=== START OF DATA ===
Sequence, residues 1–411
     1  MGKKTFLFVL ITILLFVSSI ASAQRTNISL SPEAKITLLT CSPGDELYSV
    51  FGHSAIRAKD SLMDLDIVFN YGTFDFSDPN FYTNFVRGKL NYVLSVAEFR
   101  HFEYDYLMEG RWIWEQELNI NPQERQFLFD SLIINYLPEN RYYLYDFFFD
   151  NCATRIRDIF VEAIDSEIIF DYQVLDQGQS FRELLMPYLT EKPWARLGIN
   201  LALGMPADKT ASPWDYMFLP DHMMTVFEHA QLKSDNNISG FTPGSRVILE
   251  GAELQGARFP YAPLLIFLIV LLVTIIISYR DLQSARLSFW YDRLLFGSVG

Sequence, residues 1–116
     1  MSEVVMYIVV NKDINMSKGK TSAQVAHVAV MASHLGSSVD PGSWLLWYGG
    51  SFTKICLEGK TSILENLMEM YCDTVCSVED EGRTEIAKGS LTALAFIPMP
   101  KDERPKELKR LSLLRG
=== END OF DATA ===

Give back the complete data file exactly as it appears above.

Sequence, residues 1–411
     1  MGKKTFLFVL ITILLFVSSI ASAQRTNISL SPEAKITLLT CSPGDELYSV
    51  FGHSAIRAKD SLMDLDIVFN YGTFDFSDPN FYTNFVRGKL NYVLSVAEFR
   101  HFEYDYLMEG RWIWEQELNI NPQERQFLFD SLIINYLPEN RYYLYDFFFD
   151  NCATRIRDIF VEAIDSEIIF DYQVLDQGQS FRELLMPYLT EKPWARLGIN
   201  LALGMPADKT ASPWDYMFLP DHMMTVFEHA QLKSDNNISG FTPGSRVILE
   251  GAELQGARFP YAPLLIFLIV LLVTIIISYR DLQSARLSFW YDRLLFGSVG

Sequence, residues 1–116
     1  MSEVVMYIVV NKDINMSKGK TSAQVAHVAV MASHLGSSVD PGSWLLWYGG
    51  SFTKICLEGK TSILENLMEM YCDTVCSVED EGRTEIAKGS LTALAFIPMP
   101  KDERPKELKR LSLLRG